I had picked up Ami McKay's The Birth House a while ago, read the prologue and decided that it might not be the book for me (I thought the prose might be just a tad overwrought). But after hearing such good things about the book from, well, just about everywhere, happily, I gave it another chance and ended up quite enjoying the novel.
The book tells the story of Dora Rare, the only woman born in generations of boys, who grows up in Scots Bay, Nova Scotia around the time of the First World War. Taken under the wing of Miss B., a local legendary healer, Dora becomes a midwife. Much of the conflict in the book revolves around the arrival of a Dr. Gilbert Thomas, an obstetrician determined to take the 'pain' out of birth at his new hospital, and an almost metaphorical battle of the sexes erupts as the women hold on to their own traditions.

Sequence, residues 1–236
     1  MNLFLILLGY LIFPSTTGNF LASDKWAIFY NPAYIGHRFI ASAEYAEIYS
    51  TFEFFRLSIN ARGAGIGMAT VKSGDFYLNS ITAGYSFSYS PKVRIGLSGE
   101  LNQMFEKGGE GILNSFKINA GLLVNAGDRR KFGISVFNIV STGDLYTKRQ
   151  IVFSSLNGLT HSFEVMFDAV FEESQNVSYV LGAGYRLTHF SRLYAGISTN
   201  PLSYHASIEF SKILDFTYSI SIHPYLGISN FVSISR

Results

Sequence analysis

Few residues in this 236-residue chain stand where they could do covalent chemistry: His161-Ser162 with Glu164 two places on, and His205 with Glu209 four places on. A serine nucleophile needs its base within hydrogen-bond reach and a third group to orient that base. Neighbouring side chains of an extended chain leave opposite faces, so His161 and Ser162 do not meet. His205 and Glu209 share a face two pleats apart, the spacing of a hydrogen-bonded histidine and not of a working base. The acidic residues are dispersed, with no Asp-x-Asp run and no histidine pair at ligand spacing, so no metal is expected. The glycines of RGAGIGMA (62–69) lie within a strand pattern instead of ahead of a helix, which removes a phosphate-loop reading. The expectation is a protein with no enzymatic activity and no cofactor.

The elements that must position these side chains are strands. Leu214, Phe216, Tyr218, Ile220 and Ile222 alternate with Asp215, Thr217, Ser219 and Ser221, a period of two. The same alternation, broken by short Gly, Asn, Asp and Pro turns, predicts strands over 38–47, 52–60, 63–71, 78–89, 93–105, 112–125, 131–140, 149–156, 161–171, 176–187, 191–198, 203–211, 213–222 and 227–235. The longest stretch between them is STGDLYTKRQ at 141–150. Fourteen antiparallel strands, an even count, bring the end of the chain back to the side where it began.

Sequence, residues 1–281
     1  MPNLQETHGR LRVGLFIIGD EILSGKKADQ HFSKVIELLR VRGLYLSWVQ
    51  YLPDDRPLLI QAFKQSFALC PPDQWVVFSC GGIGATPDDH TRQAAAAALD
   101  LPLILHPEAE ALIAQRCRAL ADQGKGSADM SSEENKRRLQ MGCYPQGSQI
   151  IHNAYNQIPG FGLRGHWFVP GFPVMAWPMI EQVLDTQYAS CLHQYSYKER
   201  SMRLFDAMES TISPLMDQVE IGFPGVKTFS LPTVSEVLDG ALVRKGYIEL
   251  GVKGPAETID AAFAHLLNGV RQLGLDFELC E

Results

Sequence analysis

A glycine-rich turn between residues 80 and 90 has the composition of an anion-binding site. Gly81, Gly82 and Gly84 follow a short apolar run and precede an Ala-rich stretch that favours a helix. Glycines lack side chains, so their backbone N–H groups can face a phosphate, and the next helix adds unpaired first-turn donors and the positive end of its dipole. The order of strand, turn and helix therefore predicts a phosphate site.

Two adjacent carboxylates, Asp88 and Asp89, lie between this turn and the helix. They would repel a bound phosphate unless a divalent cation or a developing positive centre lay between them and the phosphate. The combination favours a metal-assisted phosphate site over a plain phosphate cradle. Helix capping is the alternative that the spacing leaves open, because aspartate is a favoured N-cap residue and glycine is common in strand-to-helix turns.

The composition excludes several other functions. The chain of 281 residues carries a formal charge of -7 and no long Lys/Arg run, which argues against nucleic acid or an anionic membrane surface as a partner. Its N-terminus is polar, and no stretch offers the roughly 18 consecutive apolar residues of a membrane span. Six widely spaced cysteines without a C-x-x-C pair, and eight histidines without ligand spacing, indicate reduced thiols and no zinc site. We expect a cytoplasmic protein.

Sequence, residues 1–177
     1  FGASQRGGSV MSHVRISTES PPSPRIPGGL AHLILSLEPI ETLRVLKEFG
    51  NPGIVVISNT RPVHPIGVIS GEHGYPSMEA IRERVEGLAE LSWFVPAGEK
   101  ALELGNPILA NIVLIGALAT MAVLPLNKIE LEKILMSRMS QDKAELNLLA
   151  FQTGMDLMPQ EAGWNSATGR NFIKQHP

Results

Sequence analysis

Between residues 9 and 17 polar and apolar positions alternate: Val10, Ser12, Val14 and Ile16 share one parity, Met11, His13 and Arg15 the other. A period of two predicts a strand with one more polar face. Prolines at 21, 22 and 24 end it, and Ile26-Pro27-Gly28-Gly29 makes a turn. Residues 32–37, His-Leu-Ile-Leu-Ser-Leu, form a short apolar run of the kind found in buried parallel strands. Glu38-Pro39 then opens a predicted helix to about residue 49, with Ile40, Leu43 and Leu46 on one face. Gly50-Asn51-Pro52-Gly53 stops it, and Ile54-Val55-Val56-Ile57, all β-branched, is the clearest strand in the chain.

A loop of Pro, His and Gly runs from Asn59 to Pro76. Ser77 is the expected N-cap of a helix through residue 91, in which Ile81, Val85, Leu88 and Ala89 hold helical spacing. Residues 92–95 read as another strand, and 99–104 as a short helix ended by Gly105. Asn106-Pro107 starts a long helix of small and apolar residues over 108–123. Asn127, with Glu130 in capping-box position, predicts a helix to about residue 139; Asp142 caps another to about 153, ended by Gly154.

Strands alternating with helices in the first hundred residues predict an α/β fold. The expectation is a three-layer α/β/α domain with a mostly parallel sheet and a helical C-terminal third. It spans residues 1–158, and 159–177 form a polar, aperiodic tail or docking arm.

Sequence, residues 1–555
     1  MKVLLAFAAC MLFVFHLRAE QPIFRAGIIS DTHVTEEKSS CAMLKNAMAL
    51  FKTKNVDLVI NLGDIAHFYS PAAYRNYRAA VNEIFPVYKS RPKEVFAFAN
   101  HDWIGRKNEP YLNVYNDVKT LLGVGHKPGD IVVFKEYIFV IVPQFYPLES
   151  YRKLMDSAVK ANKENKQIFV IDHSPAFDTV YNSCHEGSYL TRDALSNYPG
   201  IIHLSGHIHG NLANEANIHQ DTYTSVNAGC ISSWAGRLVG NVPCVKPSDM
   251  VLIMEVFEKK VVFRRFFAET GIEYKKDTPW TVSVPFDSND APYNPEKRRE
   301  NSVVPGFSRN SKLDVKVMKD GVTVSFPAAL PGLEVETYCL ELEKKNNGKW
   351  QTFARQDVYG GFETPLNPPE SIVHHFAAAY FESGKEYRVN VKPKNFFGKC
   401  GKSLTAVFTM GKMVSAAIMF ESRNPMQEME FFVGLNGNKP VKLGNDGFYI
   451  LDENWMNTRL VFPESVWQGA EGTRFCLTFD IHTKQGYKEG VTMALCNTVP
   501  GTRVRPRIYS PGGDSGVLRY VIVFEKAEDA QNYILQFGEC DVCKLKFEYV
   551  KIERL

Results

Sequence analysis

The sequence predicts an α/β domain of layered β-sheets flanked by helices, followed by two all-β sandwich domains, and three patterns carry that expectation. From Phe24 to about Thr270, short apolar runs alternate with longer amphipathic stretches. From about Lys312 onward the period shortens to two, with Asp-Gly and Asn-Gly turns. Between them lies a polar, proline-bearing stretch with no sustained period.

It's almost a folkart piece of fiction, with newspaper clippings, letters, journal entries and remedies intertwined with the story itself. McKay's voice, as Joan Clark points out on the cover, is "fresh as a loaf of bread," and I'd have to agree.
So it looks like I'm getting to finish a book every other day, slightly off my original goals, but I'm doing all right. My wish is to make it to 30 or so before I have to back to work on Monday!